Godzilla Against is, like the previous few films of the Millennium era, a film set within its own timeline. It takes the original film, with the change that the original Godzilla’s bones were left intact, picks a few points from Toho’s monster movie history such as Mothra and War of the Gargantuas, and returns Godzilla to modern Japan with the nation prepared to take him on. Only they’re not prepared enough and must do something a little crazy if they hope to defeat Godzilla again. Click the link below for my review.
Once the bones of Godzilla had been salvaged by the Japanese Government their goal was to use it’s DNA to use as a biological computer that would control the new Mechagodzilla, called Kiryu in this film. Some years earlier a Japanese solider Akane Yashiro (Yumiko Shaku) had been made a scapegoat for a failed attempt to stop Godzilla when he first reappeared. She is brought out of the desk job she was demoted too in order to pilot Kiryu. This upsets a few of her fellow soldiers. As Akane trains for her task she befriends the daughter of the scientist that created the DNA computer technology used to make Kiryu and the two philosophise on the worth of life and the meaning of death. Not kidding. Eventually Godzilla goes up against Kiryu.
You may guess from that description that this is a quite different beast compared to the previous film, GMK. Whilst Godzilla is still the villain there’s been a step back to the kinds of Godzilla films that most people are used to. The lighter sci-fi action focus is, admittedly, where Godzilla films will most comfortably fit. But after watching GMK it is a little disappointing to not follow up on that film’s story, which did include a little cliff hanger style tease, or to even maintain the tone. It is the remit of the Millennium Era films, though, to feature new takes on Godzilla’s history with each passing film. Due to the way the film’s backstory is a collection of various points in Toho’s monster movie history there is a slight feeling of this being a bit of a fan project. That’s no bad thing though. It shows a love for Toho’s monster films on the part of the director, this time around it’s Masaaki Tezuka, who does a fine job of creating almost a best of monster movies feel.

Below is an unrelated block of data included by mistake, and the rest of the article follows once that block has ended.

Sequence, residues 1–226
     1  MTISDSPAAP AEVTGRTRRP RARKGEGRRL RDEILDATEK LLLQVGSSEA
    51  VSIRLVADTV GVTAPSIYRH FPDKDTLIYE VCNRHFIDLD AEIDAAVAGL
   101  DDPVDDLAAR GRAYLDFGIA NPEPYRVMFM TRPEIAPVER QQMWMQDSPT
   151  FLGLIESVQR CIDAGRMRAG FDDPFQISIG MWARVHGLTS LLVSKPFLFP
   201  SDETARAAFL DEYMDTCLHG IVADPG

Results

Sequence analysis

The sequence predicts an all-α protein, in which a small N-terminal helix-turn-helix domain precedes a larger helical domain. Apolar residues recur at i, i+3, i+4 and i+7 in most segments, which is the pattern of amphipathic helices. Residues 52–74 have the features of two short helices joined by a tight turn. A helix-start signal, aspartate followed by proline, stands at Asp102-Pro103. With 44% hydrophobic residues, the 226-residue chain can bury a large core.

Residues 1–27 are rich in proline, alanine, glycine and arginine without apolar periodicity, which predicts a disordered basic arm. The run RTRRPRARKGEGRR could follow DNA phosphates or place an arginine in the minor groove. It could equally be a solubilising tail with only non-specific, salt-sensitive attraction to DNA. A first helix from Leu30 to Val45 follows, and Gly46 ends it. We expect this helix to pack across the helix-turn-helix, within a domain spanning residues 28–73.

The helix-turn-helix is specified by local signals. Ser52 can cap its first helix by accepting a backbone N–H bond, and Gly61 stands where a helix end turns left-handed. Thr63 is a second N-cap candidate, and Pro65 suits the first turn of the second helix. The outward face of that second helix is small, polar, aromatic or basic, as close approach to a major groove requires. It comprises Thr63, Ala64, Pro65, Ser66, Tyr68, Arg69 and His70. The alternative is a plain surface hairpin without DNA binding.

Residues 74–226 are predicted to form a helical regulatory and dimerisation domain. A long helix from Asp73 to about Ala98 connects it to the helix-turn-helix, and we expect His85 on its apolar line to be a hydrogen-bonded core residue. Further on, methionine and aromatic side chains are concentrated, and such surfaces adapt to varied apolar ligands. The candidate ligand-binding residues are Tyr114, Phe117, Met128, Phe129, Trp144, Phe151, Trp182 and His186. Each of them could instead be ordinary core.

The monster fights at the end of the film feel a lot like the director had watched the previous Vs Mechagodzilla films and wanted to so something about the robot’s mobility. At first Kiryu is a rather statuesque sight that relies on ranged weaponry but gradually he loosens up and gets to do a lot more close up and fast moving action than he’s ever been capable of before. There’s punches being exchanged. leaps through the air a few times. He can even use his tail now. A cool moment for Kiryu, and a sub-plot that wasn’t really used enough, involves his Godzilla DNA waking up and him going on a rampage that the JSDF cannot halt. This leads up to one of my favourite shots of a Godzilla film monster just not giving a shit as Kiryu plain walks right through a building as if it wasn’t there. If there’s anything this film succeeded at it was providing me with a moment I can add to my pile of favourite things in Godzilla movies.